In the past few weeks, some Nigerian musicians have been the subjects of controversies on social media. Not that it is the first time. Like moths to flames, controversies trail artistes locally and globally. It is not uncommon for them to be in the news for what people deem as immoral or displeasing conduct, ranging from infidelity scandals to issues of disrespect, late arrival to concerts, or controversial tweets. It is also not uncommon for disgruntled and unsatisfied fans to declare that the unrequited love they had for their favourite artiste has now been withdrawn for one reason or another.
Last year, after waiting several hours for their faves to show up for their concerts, fans took to their social media pages to complain about the lack of remorse and the disrespect artistes have shown them. When the elections came, people also saw a different side to their faves – a display of a lack of empathy from people they held in higher esteem, tribal bigotry, or being out of touch with people’s reality. So, no, the world of controversies is not a new terrain for artistes.
But this time around, it is different. People are sharing stories and videos of abuse, violence, bullying and death. And it is chilling. And now, we’re left wondering if music, irrespective of the person behind the microphone, is still just music.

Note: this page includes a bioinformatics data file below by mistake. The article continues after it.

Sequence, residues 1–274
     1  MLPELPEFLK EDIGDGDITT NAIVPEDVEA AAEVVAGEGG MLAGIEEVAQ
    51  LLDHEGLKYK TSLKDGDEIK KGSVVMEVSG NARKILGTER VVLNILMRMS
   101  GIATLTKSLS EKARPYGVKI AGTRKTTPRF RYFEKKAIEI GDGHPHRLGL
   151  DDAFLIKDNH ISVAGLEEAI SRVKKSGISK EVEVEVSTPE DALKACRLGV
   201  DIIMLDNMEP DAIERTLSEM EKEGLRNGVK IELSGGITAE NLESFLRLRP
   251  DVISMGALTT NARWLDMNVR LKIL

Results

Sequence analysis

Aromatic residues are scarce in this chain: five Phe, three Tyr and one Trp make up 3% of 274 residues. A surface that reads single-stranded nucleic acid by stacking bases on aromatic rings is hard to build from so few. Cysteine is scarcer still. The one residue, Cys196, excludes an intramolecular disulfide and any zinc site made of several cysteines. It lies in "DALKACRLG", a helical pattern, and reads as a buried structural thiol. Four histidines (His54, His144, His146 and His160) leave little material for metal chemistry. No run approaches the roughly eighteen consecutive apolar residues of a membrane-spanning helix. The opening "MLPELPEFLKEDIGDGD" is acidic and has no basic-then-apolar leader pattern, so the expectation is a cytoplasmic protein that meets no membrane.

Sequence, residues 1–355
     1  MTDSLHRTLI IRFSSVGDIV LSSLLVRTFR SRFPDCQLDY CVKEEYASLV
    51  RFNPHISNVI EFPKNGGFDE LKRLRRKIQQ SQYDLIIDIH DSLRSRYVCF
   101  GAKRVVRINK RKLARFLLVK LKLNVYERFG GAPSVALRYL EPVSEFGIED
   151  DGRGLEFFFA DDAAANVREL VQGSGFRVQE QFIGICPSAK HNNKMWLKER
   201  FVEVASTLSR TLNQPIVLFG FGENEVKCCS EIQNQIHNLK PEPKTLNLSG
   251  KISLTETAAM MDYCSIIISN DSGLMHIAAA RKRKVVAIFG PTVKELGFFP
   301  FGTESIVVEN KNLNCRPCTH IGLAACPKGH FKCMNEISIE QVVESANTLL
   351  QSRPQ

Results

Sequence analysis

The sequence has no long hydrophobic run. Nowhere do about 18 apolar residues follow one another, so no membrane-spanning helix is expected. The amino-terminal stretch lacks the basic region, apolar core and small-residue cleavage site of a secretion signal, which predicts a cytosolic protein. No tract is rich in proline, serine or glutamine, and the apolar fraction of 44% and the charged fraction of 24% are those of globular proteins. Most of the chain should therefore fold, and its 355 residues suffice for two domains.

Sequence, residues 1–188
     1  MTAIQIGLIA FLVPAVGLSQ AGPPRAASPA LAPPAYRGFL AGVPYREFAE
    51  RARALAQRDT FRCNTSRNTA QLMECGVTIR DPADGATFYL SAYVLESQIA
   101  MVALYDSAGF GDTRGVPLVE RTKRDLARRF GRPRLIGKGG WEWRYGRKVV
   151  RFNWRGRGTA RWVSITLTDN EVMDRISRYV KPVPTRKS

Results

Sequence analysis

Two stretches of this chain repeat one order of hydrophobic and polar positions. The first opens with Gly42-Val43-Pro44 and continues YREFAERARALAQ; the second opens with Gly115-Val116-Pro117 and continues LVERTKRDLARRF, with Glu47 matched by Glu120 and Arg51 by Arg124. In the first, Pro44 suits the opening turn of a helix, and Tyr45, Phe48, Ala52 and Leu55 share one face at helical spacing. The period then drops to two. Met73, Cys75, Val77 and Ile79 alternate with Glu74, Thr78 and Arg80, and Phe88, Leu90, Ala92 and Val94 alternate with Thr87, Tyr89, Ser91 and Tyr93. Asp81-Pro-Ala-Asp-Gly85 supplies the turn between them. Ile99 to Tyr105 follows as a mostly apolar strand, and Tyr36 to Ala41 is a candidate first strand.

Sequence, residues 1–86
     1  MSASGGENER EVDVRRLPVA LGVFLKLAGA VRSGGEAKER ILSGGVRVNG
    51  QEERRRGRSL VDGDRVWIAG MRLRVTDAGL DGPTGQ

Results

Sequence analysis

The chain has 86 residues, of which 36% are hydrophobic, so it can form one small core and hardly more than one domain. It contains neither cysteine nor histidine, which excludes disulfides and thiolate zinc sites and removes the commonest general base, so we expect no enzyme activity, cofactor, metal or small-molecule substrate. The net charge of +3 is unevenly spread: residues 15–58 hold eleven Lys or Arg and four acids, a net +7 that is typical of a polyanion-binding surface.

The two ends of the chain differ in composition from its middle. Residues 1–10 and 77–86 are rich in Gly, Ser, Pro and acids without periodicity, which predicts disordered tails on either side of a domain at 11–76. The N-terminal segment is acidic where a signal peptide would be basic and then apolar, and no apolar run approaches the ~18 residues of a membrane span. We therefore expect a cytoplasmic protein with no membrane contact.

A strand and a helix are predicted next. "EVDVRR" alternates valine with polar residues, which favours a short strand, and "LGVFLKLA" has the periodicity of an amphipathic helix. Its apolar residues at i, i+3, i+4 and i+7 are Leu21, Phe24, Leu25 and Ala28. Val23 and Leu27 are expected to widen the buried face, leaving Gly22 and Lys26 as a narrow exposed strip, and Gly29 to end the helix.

People say art is life. This phrase encapsulates the profound impact art has on people’s lives, emotions, social connections, and even creativity. It has the power to alter one’s mood, change perceptions, and inspire change. And that includes music. Beyond beats and lyrics is also the love and connection fans feel towards an artiste. We begin to see them in a certain light – freedom fighters, patriots, intriguing, vibrant, fun, philanthropists… Their perception of these artists is shaped by a combination of the music itself, the artist’s persona, their public image, and their interactions with fans. And because of this, people want to be like them and do what they do – like going beltless, wearing a bandana, hopping on certain challenges, learning a new dance step or handshake, or associating with a fan name. The influence goes beyond just the songs, and as controversies – especially issues of sexual assault, violence, physical/psychological/professional abuse, crime, fraud, paedophilia – trail artists, people are forced to make a decision: assume it is not their business and continue being a fan; acknowledge that their fave is badly behaved and call them out.
Sometimes, doing the former is easier. We’re forced into arguments within ourselves on whether we have to choose between an artist we love or our moral compasses. And then there’s the part about “innocent until proven guilty”. Do we really need to be burdened by the personal lives or actions of these artistes; can’t we simply enjoy the music? What really is our business if our fave decides to puff balloons or strip at a bar? They’re humans and are allowed to make poor choices sometimes. But when these choices transcend controversies into wreaking havoc, hurting people, or claiming lives and properties, we may need to ask ourselves if we still want to support them.